DETROIT — November used to be a slow month for U.S. car sales. Not anymore.
Black Friday promotions — some of which began well before Thanksgiving — were expected to push last month's sales to near-record levels. Car buying site Edmunds.com predicted sales of new cars and trucks will hit 1.33 million, eclipsing the previous November record set in 2001.
General Motors' sales rose 1.5 percent over last November, while Fiat Chrysler's sales were up 3 percent. Nissan's sales rose 4 percent. Ford's sales were flat, with a 10-percent increase in F-Series pickup sales unable to overcome falling car sales.
Other automakers report November sales later Tuesday.
November was a notoriously slow sales month until about five years ago, when car dealers joined other retailers in promoting Black Friday, according to Edmunds analyst Jessica Caldwell. Now, like Amazon, Wal-Mart and others, dealers started promoting "Black Friday" deals as early as Halloween. Jeep offered zero percent financing for up to 75 months. General Motors teased savings of up to 20 percent of for its Buick, Chevrolet and GMC brands. Hyundai offered an extra $500 on the Sonata sedan between Nov. 20 and Nov. 30.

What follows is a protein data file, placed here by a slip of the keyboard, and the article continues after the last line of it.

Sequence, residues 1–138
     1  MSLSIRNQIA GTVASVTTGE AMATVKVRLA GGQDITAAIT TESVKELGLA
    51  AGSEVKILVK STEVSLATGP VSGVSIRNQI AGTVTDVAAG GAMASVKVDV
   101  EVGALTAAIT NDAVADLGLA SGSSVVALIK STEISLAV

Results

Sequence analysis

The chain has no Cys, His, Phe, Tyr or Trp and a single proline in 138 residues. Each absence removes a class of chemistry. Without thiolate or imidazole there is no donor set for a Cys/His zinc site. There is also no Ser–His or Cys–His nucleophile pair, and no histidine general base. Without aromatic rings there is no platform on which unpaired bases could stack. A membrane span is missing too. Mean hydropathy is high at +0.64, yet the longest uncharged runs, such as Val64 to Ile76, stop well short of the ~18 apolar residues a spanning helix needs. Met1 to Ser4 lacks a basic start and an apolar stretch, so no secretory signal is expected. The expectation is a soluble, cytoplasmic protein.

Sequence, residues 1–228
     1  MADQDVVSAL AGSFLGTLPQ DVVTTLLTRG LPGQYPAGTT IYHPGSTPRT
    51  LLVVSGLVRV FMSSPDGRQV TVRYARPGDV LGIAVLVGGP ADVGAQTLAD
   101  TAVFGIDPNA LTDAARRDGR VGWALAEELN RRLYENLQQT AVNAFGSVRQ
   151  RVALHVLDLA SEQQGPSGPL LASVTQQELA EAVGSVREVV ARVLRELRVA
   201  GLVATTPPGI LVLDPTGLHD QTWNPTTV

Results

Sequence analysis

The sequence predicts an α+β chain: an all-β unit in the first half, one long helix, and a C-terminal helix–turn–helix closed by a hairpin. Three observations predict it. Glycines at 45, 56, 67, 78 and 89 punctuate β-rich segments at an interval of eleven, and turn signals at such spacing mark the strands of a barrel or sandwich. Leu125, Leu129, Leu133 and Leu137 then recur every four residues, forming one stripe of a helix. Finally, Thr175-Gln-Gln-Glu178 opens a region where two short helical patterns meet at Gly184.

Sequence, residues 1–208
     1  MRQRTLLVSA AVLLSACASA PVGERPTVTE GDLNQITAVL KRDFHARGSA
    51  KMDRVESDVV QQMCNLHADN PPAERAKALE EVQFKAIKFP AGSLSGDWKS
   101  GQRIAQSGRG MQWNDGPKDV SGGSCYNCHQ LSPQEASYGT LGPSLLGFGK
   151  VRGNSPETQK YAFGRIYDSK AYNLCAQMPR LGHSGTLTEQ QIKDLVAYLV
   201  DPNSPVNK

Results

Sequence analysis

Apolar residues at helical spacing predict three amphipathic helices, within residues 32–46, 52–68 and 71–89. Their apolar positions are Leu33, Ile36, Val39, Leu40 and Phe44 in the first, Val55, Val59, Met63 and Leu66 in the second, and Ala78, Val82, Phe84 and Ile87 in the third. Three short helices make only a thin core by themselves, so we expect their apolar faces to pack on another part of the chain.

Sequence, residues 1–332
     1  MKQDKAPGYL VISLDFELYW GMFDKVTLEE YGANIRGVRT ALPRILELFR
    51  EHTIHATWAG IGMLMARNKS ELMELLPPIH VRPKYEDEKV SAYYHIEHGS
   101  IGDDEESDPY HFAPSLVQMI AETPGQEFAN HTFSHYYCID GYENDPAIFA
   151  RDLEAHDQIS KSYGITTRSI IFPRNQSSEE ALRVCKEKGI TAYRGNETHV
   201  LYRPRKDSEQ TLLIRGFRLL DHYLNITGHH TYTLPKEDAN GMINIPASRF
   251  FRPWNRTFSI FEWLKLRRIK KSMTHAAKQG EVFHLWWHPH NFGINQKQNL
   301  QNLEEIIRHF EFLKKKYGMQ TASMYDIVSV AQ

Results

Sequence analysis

"Last year, Thanksgiving weekend accounted for twice as many sales as any other weekend in November. We expect to see that trend continue this year," Caldwell said.
But deals are only part of the reason for this year's strong U.S. sales. Low gas prices, low interest rates, improving employment numbers and enticing new products — particularly small SUVs, like the Jeep Renegade — are also driving consumers to dealerships in bigger numbers than expected.
Last week, sales forecasting firm LMC Automotive raised its full-year forecast and said sales are now likely to reach a record 17.5 million in 2015.